Adaptability and exultation processes

Our last main category included three subcategories, too.

  1. Religious resilience: The managers believed that encouraging their personnel to trust in God and seek his help during tough times could help many of them maintain their spirits and stay on the frontline. This caused them to, despite feeling fear and being worried, be hopeful that the difficult times would come to an end, regard their jobs as something valuable, and do their best to help the patients. One head-nurse with 20 years of experiences said: “I saw my personnel who could comfort themselves and get energized via trusting in God. Doing this, they could better endure the rough conditions and would not complain as they used to do in the previous days. So, I encouraged others to use the same strategies” (Participant 9).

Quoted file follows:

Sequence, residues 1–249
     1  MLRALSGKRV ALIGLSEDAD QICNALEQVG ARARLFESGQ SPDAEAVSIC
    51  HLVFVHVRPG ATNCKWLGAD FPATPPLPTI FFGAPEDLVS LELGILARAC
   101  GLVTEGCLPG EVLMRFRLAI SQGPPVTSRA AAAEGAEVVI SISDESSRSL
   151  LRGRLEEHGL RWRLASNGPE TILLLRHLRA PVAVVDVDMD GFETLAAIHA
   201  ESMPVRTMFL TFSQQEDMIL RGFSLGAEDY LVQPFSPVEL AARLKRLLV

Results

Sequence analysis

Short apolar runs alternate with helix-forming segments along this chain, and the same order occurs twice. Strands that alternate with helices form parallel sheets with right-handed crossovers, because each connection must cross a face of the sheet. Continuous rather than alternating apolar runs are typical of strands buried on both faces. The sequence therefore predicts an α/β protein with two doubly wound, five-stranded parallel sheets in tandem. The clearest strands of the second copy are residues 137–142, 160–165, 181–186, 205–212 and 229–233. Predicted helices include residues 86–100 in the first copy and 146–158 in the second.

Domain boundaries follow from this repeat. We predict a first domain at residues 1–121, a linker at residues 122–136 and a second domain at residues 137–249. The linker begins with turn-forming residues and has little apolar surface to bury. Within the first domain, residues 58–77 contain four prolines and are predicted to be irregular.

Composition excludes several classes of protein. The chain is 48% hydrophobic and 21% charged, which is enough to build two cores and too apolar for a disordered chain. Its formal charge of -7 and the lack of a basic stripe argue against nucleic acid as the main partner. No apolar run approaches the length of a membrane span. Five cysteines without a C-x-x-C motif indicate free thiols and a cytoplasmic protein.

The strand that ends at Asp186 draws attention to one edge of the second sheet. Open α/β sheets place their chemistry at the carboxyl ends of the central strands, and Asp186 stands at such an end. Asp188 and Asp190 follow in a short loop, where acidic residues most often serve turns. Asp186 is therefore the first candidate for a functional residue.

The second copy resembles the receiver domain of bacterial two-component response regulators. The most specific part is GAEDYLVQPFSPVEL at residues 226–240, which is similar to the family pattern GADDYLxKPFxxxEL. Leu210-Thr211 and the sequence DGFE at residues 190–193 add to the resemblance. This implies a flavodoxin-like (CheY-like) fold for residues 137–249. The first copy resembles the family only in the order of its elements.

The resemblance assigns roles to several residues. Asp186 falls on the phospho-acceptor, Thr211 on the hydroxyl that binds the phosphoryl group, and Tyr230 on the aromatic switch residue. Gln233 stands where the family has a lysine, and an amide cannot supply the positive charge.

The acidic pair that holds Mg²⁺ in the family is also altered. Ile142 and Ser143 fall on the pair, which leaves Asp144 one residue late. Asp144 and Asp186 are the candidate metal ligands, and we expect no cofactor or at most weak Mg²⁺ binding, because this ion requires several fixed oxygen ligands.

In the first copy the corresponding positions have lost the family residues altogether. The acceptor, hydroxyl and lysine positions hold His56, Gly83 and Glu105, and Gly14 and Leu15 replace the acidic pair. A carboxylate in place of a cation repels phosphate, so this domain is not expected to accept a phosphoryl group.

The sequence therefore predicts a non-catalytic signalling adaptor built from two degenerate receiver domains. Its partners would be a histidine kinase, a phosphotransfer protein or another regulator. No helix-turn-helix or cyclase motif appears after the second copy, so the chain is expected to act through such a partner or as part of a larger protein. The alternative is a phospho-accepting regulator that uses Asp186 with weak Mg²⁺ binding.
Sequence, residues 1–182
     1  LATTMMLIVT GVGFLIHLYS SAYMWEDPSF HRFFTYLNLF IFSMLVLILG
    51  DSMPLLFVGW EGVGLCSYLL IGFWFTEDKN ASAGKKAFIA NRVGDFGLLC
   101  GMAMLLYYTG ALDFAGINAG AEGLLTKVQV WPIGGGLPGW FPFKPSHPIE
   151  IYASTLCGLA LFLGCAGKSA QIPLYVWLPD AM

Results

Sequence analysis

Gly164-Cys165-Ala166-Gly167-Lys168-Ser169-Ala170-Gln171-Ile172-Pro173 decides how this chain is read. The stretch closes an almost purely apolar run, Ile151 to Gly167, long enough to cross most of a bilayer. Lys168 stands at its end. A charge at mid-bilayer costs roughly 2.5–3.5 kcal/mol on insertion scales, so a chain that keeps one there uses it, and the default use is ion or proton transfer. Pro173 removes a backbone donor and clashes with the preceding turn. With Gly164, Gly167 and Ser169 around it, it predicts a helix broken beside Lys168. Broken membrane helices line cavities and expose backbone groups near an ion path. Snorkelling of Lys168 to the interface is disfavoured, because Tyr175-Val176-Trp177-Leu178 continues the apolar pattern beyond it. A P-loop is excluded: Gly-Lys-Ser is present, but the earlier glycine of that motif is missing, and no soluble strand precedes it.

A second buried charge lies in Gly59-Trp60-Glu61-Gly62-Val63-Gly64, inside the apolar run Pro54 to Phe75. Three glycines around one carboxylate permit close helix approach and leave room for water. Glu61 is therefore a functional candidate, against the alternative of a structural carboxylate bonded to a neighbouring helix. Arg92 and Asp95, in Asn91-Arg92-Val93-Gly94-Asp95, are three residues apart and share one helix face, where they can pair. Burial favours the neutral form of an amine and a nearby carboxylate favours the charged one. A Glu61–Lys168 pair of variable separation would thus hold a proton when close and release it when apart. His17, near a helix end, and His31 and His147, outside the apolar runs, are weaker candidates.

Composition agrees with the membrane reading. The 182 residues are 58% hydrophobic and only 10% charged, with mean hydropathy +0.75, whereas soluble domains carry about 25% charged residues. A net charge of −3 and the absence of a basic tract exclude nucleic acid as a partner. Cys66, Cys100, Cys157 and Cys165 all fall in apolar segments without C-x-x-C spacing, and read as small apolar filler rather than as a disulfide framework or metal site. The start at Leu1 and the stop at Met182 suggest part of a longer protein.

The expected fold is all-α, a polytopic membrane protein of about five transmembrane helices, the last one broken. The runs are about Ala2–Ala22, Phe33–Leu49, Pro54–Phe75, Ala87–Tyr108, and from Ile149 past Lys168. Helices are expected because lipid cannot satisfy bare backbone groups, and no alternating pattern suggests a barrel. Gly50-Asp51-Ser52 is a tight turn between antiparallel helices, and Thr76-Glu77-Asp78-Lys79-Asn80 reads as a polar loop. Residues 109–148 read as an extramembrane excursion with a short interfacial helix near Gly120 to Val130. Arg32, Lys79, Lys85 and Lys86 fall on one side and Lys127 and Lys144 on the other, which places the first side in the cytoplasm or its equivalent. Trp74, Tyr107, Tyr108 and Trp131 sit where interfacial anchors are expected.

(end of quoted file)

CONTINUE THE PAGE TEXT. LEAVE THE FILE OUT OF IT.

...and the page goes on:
2. Devotion and sacrifice: The mangers used the terms (devotion and sacrifice) to describe the services provided by their personnel and called them soldiers of the health frontline. One of our participant stated: “I and most of my co-workers believe that our life purpose had been to sacrifice our lives for the patients in tough days like these” (participant 18).